xvi, 261 p. : ill. (some col.), plans (some col.) ; 23 cm.
Includes bibliographical references and index.
Foreword by Henry Sanoff-- Table of Contents-- Preface-- 1 Introduction (Rotraut Walden)-- 2.1 History of the Schoolhouse in the USA (Jeffery A. Lackney)-- 2.2 Historical Background of the Japanese School (Kaname Yanagisawa)-- 2.3 The Historical Development of School Buildings in Germany (Simone Borrelbach)-- 3 The School of the Future: Conditions and Processes: Contributions from Architectural Psychology (Rotraut Walden)-- 4 Schools Designed with Community Participation (Henry Sanoff)-- 5 Trends in the Design and Planning of Schools from the Viewpoint of Information Technology and Communication (Kaname Yanagisawa)-- 6 A Design Language for Schools and Learning Communities (Jeffery A. Lackney)-- 7 Criteria for the Judgment of the Quality of School Buildings (Rotraut Walden)-- 8 Conclusion: What Makes a School a "School of the Future"? (Rotraut Walden)-- Contributors-- Acknowledgements-- Index-- Appendix-- Descriptions and Photographs of 23 School Examples from 11 Countries on 5 Continents-- Schools as Living, Empowering Places by Peter Hubner-- From a Creative Knowledge to Creative Ignorance by Friedensreich Hundertwasser.
(source: Nielsen Book Data)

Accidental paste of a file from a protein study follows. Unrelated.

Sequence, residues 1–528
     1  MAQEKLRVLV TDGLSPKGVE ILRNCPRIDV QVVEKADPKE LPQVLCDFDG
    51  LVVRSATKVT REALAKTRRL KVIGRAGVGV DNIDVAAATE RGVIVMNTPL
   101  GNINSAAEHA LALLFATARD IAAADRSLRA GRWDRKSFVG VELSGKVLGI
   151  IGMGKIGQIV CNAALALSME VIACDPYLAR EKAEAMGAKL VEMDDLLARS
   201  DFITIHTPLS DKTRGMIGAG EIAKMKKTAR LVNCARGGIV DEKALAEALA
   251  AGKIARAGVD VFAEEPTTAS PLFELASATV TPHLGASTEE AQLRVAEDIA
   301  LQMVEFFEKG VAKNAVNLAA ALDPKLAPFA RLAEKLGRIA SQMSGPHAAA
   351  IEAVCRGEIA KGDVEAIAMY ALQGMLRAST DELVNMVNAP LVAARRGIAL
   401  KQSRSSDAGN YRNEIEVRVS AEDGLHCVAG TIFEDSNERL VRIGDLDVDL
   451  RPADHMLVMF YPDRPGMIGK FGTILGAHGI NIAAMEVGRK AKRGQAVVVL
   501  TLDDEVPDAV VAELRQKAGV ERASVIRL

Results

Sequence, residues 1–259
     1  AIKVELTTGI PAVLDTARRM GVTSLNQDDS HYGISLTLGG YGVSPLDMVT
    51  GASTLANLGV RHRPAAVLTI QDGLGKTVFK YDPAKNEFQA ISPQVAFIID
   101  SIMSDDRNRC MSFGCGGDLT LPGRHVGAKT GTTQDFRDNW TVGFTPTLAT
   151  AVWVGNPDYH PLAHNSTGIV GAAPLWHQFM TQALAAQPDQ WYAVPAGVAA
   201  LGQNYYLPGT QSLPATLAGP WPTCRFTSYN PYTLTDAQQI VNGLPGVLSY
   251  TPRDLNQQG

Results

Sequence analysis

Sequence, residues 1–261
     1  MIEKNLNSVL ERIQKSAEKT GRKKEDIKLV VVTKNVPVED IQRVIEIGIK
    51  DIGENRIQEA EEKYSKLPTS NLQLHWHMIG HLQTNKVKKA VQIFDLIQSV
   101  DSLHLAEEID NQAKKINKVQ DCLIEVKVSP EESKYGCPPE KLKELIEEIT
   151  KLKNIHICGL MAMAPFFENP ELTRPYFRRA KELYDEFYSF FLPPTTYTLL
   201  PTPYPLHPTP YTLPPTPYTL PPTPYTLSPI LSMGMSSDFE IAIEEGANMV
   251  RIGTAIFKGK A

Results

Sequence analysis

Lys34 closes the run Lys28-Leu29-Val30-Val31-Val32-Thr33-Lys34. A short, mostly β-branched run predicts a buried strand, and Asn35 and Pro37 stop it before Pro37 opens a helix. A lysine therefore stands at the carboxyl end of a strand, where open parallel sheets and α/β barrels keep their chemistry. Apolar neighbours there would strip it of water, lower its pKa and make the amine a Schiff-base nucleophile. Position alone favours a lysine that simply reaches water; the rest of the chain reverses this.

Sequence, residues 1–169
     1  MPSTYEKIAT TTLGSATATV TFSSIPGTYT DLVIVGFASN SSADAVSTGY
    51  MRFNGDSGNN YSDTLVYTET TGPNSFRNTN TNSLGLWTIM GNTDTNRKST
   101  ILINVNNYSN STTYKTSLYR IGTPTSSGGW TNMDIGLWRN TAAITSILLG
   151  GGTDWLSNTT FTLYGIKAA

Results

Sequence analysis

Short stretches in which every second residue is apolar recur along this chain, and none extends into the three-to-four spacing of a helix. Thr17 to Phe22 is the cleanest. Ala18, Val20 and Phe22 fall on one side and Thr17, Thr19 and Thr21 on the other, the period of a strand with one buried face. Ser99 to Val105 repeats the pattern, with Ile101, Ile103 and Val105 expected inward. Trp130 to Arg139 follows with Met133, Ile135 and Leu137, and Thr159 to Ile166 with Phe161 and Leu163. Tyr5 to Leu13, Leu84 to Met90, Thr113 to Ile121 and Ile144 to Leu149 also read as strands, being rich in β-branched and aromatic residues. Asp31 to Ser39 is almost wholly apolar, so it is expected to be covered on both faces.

Architecture and its relationship to its users have a significant influence on life and activities within the built environment. This poses a particular challenge with regard to public buildings such as schools, which have to accommodate the needs of many different people in order to provide them with the best possible environment to support their performance. The give-and-take relationship between architecture and its users (students, teachers, parents, and the community at large) is emphasized from the point of view of architectural psychology and emerging considerations such as information technology.The 'schools for the future' vision is to create spaces that people are pleased to return to, time and again, and that allow options for future modification in line with changing user requirements. Criteria for the assessment of schools are derived from a dual approach. The first is the call for a common language to be used by designers and educators, exemplified by a number of patterns that have been found to be salient in school design. Their common underlying premise is that learning environments should be learner-centered, appropriate to age and developmental stage, safe, comfortable, accessible, flexible, and equitable, in addition to being cost effective.The second approach presents instruments for the systematic assessment of school buildings according to facet theory, a tool that helps to structure the large number of possible influences and subjective indicators such as learning performance, expressions of well-being, and social behavior. Based on descriptions of 23 innovative schools in eleven countries on five continents, a system is developed that enables judgment of school quality. It applies the criteria of functional, aesthetic, social-physical, ecological, organizational, and economical aspects to various parts of the overall school complex: Exterior, school building proper, entrance, classrooms, specialty rooms, interior and corridors, court-yards/open spaces and special areas. This book provides an essential resource for educators, architects, and policy makers involved in the planning and running of educational facilities. (source: Nielsen Book Data)